Siem Reap to Phnom Penh is a journey that a lot of travelers look to make in Cambodia. It links up two of the country’s must-see draws.
You’ll start with a romp around the UNESCO-tagged Buddhist and Hindu temple complexes of Angkor Wat, one of the wonders of the ancient world. From there, you’ll cross the heart of the nation going south, past Tonle Sap Lake following the bends of the Tonle Sap River, straight into the sprawling capital city for haggling sessions in the night bazaars and sobering history lessons in the Killing Fields.
In all, the trip is 144 miles and can be done on fast flights, slower coaches, or comfy private taxis. Let’s take a look…
|Siem Reap to Phnom Penh by Plane||50 min||$120||Book Online|
|Siem Reap to Phnom Penh by Bus||6 h||$12||Book Online|
|Siem Reap to Phnom Penh by Minivan||6 h||$14||Book Online|
|Siem Reap to Phnom Penh by Taxi||5.5 h||$88||Book Online|
Fly from Siem Reap – soar through the Cambodian skies in style!
Time – 50 minutes (flight time only)
Price – $115+
Comfort – 5/5
Money rich but time poor? The planes are the option to go for when it comes to getting from Siem Reap to Phnom Penh. They’ll whisk you right across the heart of Cambodia from temples to the capital in just 50 minutes, dodging the need for long-haul bus links or arduous road connections. Add on the 1.5 hours’ time you’ll need at the check-in terminal and the 20 minutes or so transfers from the airports on either side and you’re looking at total journey times in the region of three hours, which is half what most overland routes require.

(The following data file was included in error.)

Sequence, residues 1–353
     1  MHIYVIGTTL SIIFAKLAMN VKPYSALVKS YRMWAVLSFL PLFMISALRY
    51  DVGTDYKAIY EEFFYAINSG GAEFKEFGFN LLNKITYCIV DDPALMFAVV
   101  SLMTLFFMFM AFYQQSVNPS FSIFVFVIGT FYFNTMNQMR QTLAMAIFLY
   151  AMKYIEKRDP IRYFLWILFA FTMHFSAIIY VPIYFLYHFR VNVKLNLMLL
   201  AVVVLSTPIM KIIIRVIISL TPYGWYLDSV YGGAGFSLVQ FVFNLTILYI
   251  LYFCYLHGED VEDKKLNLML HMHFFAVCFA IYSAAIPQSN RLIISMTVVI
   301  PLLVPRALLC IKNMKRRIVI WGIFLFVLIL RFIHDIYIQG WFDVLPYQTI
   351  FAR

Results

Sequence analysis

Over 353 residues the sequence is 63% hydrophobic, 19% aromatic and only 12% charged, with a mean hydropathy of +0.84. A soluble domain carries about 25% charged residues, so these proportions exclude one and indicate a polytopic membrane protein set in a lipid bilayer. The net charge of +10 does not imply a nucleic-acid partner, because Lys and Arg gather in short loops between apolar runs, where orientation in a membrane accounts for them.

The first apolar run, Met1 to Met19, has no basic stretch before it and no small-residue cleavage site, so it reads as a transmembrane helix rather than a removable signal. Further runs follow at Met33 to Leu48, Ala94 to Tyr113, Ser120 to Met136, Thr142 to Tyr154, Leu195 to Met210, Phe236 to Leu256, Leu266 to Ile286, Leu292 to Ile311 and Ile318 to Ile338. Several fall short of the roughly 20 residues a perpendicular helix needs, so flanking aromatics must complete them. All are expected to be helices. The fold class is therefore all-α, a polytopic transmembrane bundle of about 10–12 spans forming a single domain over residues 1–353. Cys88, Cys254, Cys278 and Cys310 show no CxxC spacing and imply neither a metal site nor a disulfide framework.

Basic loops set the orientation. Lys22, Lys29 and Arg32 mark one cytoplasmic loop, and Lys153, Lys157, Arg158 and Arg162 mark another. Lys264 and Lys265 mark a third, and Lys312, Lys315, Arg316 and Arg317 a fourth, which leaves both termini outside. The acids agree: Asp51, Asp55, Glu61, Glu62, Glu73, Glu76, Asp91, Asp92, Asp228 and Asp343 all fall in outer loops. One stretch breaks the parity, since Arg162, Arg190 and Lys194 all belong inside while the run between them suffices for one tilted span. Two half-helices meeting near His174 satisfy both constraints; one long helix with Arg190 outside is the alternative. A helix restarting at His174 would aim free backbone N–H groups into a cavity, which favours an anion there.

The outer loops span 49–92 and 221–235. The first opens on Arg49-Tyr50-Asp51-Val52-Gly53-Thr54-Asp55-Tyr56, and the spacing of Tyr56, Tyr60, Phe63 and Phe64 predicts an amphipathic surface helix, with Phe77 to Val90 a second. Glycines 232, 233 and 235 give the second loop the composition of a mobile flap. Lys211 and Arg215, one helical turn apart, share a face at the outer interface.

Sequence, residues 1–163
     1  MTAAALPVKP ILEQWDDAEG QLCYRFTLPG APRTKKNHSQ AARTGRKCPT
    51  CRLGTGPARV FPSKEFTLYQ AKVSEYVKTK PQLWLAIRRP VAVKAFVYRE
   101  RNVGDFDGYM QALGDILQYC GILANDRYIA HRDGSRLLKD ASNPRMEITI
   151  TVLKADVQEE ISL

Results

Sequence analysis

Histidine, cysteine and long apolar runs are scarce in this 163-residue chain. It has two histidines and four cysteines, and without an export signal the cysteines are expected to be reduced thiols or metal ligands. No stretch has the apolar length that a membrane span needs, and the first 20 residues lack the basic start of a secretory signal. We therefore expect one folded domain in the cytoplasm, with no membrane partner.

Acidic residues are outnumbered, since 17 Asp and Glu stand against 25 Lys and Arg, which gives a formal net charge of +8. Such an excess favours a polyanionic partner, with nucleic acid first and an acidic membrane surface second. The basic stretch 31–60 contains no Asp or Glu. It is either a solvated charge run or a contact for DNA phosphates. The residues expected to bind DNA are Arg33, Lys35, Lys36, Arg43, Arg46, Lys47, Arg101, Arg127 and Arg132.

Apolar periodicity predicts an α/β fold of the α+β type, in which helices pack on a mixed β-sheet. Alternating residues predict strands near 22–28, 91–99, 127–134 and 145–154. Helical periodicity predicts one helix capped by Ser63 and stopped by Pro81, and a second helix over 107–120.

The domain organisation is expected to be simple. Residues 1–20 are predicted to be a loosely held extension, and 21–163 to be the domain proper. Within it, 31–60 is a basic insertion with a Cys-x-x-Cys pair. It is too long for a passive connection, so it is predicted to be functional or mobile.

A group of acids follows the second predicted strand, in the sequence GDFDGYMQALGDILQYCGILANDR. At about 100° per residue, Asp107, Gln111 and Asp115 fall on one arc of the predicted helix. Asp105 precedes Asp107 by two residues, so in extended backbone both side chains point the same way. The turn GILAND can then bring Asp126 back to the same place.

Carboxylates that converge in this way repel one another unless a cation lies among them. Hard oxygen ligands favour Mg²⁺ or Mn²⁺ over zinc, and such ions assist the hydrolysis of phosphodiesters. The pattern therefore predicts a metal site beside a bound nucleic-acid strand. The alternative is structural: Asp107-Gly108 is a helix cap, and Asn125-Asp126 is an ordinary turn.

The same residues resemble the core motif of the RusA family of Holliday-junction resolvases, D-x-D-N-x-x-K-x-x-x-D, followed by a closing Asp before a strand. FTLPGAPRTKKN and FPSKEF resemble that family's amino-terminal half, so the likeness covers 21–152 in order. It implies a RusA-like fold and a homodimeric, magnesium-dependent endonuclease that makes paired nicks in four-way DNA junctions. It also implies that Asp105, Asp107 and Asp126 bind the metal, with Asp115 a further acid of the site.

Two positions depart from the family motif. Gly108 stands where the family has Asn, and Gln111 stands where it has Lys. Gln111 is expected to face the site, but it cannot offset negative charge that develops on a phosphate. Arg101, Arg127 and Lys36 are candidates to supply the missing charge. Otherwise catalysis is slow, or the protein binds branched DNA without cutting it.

If time is tight and you don’t want to spend six or more hours driving through central Cambodia, there are two 50-minute flights from Siem Reap to the capital each day.
The downside here is the cost. Airfare on this popular commuter, business, and leisure flight is usually well over the $100 per person mark, and typically closer to $125 per person, each way. Thankfully, the carrier that runs the route – Cambodia Angkor Air, the national flag carrier of Cambodia – doesn’t charge any extra for checked luggage, so there’s no need to go hunting for another $50 if you’re packing hefty bags.
There are two flights between Siem Reap and Phnom Penh daily most days of the week. Both go late in the evening; the first at 7pm and the second at 9.15pm. They jet out of Siem Reap International Airport (REP). That’s located just over six miles to the northwest of the town itself. Expect to pay $10 for a taxi straight to the departure hall. Arrivals are at Phnom Penh International Airport (PNH), from where it takes 60 minutes to get to the capital city center in a taxi that should cost around $12.
Catch the Scenic Route on a Bus Ride to Phnom Penh
Time – 6-7 hours
Price – $12-14 per person
Comfort – 3/5